Others were thrown off the deck and landed in the water, the sergeant said. He saw another shot and spitting blood.
A commando identified only as "A" said that as they rappelled onto the deck, they were attacked, stripped of their equipment and weapons. At one point one of the passengers seized one of the soldiers' weapons and opened fire, he said.
Turkey's NTV showed activists beating one Israeli soldier with sticks as he descended from a helicopter onto the Mavi Mamara. Several passengers appeared to be bleeding and wounded in a report shown on Turkish television.
Video on a Turkish website showed pandemonium on board one of the ships, with activists in orange life jackets running around as some tried to help a colleague apparently unconscious on the deck. The site also showed video of an Israeli helicopter flying overhead and Israeli warships nearby.
Israeli Actions Invite Flurry of International Condemnation
At least three of the six ships were towed to the Israeli port of Ashdod. Some of the wounded had been taken to Israeli hospitals while others remained on a ship that had not yet arrived. Israeli officials said the people on board the ship would be processed at sea, and then deported.
A spokesman for the Israel foreign ministry said about 90 to 100 people were on the three ships already docked in Ashdod. About 25 of those people have agreed to be deported, but the others are refusing to identify themselves. Those refusing to cooperate hid their passports and some threw their passports into the sea, the spokesman said.
White House spokesman Bill Burton said the United States "deeply regrets the loss of life and injuries sustained." He said that administration officials are "currently working to understand the circumstances surrounding this tragedy."
The international reaction was more critical. The U.N. released a statement condemning the violence, and calling on Israel for "a full explanation."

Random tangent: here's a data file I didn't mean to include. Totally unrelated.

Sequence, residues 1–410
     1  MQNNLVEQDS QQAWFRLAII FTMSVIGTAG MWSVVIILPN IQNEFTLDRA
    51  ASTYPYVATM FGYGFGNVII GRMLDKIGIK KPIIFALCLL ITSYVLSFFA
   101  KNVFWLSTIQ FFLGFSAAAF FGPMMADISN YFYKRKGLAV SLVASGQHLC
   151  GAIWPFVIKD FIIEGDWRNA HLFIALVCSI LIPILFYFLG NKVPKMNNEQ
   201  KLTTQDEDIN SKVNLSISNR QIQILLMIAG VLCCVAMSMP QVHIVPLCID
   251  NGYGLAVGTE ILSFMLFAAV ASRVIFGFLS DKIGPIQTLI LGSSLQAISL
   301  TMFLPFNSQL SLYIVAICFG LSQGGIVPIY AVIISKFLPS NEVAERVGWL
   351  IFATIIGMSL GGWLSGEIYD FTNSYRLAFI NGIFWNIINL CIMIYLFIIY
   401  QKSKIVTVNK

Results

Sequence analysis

"Such tragedies are entirely avoidable if Israel heeds the repeated calls of the international community to end its counterproductive and unacceptable blockade of Gaza," the statement read.
The violence also worsened Israel's relationship with Turkey, which had long been one of Israel's few friends in the Muslim world. Turkey announced that it was withdrawing its ambassador to Israel and demanded an emergency session of the U.N. Security Council.
The U.N. Security Council held an emergency session on the confrontation, hearing statements from the 15 council members as well as from Israel and the Palestinians. The council then went into closed consultations to consider possible action.
French President Nicolas Sarkozy released a statement condemning the "disproportionate use of force" and expressed his condolences to the families of the victims. France's Foreign Minister Bernard Kouchner said in a statement that "nothing can justify the use of such violence," and called for an investigation into the matter.
There were protests against Israel in Istanbul, London, Karachi, and Cairo. In Jerusalem today, government spokesmen were in "damage limitation mode."
Palestinian President Mahmoud Abbas described the incident as a massacre and has called for three days of mourning. Israeli police are on high alert in case of any retaliation.
The Associated Press contributed to this report